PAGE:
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To educate young people in a climate of tolerance + respect

 
 
Reply Sun 13 Jul, 2003 01:59 am
Quote:
France gets first private Muslim lycee


Muslims, Jews and Catholics are welcome at the school
The French education authorities have granted permission for a Muslim school to open in the northern French city of Lille when the new academic year starts in September, French media reports say.

The Lycee Averroes is the first private Muslim lycee on the French mainland.

It is named after an Andalusian-Arab philosopher of the 12th Century who preached religious tolerance, and will initially welcome some 30 students.

The lycee is the brainchild of Amar Lasfar, head of the Lille mosque, who has been pushing for such a school for eight years.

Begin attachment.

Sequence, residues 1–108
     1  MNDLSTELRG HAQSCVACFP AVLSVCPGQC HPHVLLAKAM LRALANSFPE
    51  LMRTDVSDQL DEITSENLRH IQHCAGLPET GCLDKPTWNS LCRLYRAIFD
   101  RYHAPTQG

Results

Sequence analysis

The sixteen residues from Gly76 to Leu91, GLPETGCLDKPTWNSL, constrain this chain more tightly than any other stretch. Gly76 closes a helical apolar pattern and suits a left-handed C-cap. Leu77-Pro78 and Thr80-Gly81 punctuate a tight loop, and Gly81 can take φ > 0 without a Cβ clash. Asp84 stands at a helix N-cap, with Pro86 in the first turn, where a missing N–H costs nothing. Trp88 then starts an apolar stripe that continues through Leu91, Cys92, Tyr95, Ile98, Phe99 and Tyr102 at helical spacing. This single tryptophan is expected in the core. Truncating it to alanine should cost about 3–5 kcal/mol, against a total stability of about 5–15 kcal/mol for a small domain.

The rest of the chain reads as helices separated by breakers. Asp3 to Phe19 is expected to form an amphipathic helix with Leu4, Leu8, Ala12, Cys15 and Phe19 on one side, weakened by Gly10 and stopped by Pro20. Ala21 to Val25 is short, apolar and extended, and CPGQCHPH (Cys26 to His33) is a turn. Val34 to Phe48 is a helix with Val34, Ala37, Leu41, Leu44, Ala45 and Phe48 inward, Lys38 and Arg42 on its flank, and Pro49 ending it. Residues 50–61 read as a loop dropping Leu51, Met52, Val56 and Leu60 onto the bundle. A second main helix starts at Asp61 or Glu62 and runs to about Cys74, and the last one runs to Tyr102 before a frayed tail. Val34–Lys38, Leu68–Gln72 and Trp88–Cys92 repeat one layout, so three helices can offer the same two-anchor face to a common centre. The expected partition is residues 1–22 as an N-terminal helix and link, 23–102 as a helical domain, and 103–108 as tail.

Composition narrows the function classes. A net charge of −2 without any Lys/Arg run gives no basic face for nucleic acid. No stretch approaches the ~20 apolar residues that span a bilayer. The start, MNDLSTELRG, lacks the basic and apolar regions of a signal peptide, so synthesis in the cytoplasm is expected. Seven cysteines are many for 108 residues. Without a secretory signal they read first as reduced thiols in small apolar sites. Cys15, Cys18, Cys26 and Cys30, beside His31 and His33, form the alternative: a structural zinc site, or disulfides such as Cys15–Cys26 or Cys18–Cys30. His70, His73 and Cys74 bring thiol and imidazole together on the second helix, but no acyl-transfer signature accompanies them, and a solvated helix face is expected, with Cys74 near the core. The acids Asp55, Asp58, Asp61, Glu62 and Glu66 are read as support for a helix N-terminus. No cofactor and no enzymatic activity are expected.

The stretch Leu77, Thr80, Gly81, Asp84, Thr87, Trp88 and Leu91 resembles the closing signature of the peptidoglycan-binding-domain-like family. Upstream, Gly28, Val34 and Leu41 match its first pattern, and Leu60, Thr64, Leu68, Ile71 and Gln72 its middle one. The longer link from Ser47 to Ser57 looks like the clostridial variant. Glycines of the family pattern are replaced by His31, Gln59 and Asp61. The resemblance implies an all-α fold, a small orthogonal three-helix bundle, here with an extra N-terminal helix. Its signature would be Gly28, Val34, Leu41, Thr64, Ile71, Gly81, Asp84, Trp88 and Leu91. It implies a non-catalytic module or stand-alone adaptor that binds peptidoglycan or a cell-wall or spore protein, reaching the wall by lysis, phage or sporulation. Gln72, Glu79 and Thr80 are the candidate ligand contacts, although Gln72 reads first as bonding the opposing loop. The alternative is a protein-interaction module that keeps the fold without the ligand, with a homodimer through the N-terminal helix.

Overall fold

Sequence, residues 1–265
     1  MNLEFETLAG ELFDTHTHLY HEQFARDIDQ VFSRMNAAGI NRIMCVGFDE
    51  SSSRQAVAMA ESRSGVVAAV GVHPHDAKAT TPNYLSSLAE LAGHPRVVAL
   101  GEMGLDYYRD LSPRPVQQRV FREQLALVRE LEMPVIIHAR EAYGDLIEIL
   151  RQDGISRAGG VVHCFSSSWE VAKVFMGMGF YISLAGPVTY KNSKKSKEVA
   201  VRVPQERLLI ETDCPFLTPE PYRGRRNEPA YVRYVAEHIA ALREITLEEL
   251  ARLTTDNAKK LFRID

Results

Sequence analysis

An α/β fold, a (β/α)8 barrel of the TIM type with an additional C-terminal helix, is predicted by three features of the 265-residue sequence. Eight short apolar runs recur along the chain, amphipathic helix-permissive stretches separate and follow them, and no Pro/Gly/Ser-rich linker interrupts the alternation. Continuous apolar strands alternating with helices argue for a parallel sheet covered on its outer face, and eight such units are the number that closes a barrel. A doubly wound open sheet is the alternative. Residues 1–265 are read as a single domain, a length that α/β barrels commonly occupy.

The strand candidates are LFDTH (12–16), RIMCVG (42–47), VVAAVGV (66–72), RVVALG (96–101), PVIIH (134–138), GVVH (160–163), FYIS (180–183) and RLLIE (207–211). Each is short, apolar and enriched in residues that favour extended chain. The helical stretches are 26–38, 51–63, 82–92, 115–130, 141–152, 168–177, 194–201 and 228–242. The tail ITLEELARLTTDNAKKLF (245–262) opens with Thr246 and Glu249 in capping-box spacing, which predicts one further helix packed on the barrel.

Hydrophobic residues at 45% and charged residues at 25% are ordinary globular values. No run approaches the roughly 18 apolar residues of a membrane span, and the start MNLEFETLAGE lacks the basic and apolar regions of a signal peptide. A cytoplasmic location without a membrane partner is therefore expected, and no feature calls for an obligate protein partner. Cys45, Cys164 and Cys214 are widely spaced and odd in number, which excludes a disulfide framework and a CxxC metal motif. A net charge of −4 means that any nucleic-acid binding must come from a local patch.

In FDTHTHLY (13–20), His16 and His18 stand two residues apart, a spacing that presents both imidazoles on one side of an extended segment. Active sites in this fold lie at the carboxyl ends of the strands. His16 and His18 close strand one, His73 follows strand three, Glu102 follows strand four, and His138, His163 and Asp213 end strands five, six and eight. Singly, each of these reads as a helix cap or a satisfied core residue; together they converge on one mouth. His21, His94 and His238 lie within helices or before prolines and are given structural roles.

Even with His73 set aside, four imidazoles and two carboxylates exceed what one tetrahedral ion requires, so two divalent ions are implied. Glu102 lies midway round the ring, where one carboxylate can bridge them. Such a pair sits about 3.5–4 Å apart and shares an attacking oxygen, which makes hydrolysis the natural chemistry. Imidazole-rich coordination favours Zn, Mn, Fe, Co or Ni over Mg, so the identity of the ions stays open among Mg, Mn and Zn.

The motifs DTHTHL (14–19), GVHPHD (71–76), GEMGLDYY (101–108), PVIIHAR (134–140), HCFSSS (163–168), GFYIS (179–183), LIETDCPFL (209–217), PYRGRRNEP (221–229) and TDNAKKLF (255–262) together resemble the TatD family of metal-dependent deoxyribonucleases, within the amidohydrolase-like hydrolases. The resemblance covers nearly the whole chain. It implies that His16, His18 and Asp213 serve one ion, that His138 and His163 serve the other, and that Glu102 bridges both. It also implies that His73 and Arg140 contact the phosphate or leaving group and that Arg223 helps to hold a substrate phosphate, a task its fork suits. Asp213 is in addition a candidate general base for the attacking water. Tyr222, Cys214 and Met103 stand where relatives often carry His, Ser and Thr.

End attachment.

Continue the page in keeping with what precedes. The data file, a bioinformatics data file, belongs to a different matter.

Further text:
After securing the necessary funding - 150,000 euros in donations - he had the premises converted for use by students.


Muslim culture will be optional

However, the authorities turned down the first three applications to open the secondary school, twice on safety grounds, before finally giving the go-ahead.

"The Lycee Averroes is open to everyone," Deputy head Makhlouf Mameche told French TV.

"All pupils of different faiths are welcome here - Muslims, Jews, Catholics. It is open to all. Girls with headscarves, girls without headscarves. All are welcome."

Tolerance and respect

The head teacher, Sylvie Taleb, has 17 years' teaching experience in Catholic schools and will be taking up her post in September.


Classes will be conducted in French
Potential pupils did not have to be able to speak Arabic to attend the school since lessons would be in French, Mr Mameche said.

"We have made Arabic and Muslim culture optional subjects, so that non-Muslim pupils feel more welcome."

Mr Lasfar welcomed what he called "this brave decision" by the education authorities.

He said there was no essential difference between his school and any other private establishment, but acknowledged what he called "doubts" about the new school.